If you look at the huge number of conferences convened and articles written on HR analytics these days, you see a multitude of analyses on existing data. They include everything in your HR information system or enterprise warehouse data system, and HR data on a wide variety of things including headcount, turnover, spans of control, career paths (job changes), recruiting, competencies, performance management, training, leadership development, employee engagement (from surveys), and more.
There are always attempts to link the data and analysis to something that matters for the business, with varying degrees of success. But in the vast majority of cases, these end up being exercises in frustration because they start with the data and ask what can be done with that data, how they can be applied somehow to glean important insights. And that’s a classic case of putting the cart before the horse.
The best way for HR analytics to partner with both the business and HR is to start by asking the right questions: What are the critical issues keeping your line leaders up at night? Where is the business in greatest need of help? Where do organizational silos stop critical work dead in its tracks? Where are people working at cross-purposes in ways that drag down key business processes? What do our best managers do that is different from what our worst managers do?
If you start with questions like these, your HR analytics will add real value.
The hard part of starting with these questions is that the data sitting in your systems are generally transactional and fairly superficial. Such data typically can provide only a small part of the answer. For example, span of control doesn’t actually tell you much about manager effectiveness, and organizational hierarchy is fairly independent of actual work processes.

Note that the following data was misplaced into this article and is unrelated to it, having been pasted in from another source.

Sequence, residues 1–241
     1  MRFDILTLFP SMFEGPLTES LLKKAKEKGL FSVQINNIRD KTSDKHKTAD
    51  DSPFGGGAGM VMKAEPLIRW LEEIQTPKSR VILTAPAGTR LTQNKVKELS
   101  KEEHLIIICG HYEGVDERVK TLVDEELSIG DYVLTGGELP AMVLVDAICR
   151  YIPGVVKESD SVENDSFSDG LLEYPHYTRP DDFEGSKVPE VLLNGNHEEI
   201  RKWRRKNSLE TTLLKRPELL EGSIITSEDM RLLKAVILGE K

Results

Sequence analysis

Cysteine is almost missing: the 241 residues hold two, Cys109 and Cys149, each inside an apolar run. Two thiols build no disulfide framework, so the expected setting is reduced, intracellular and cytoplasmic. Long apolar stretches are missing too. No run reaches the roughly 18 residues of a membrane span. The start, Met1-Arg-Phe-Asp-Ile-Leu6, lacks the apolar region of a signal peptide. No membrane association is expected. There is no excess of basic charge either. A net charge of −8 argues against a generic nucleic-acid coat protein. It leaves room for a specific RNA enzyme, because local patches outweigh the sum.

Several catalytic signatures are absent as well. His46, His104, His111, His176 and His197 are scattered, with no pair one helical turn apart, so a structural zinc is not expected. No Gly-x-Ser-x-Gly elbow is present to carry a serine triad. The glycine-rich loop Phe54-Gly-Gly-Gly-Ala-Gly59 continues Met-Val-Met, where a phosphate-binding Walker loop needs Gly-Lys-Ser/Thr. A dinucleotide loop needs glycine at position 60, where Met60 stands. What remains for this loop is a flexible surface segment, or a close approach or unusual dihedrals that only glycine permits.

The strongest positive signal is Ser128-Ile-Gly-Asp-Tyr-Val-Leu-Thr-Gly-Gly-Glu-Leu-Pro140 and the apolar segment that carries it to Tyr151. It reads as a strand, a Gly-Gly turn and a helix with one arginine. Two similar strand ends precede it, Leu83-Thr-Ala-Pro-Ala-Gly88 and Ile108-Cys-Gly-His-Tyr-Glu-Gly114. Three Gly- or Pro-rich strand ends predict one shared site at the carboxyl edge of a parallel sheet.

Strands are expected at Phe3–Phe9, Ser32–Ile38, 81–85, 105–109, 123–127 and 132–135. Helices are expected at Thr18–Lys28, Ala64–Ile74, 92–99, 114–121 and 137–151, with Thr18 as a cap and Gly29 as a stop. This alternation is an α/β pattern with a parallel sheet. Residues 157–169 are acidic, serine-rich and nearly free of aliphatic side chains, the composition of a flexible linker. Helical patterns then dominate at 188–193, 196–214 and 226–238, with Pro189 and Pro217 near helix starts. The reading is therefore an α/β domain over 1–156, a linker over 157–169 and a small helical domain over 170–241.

Getting to truly actionable insights almost always requires collecting new data in collaboration with the business and the rest of HR. Sometimes that data will come from the business systems, sometimes through new surveys, and often through interviews with key stakeholders in the business and HR.
The best partnering starts with asking the right questions, finding the data needed to answer them, and only turning to analysis as the third step. It’s not the easiest path, but our combined decades of experience conducting HR analytics in a wide variety of organizations has proven that it has worked for us, and we know it will work for you.
Alec Levenson, Center for Effective Organizations, University of Southern California; firstname.lastname@example.org
Alexis Fink. Talent Intelligence and Analytics, Intel; email@example.com
This article is based in part on Levenson’s book, Strategic Analytics: Advancing Strategy Execution and Organizational Effectiveness (Berrett-Koehler, 2015).